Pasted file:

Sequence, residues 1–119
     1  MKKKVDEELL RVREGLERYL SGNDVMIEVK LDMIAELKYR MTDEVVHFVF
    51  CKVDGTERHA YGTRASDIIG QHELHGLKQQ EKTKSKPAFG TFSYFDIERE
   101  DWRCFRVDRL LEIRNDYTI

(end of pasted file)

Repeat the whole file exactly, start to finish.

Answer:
Sequence, residues 1–119
     1  MKKKVDEELL RVREGLERYL SGNDVMIEVK LDMIAELKYR MTDEVVHFVF
    51  CKVDGTERHA YGTRASDIIG QHELHGLKQQ EKTKSKPAFG TFSYFDIERE
   101  DWRCFRVDRL LEIRNDYTI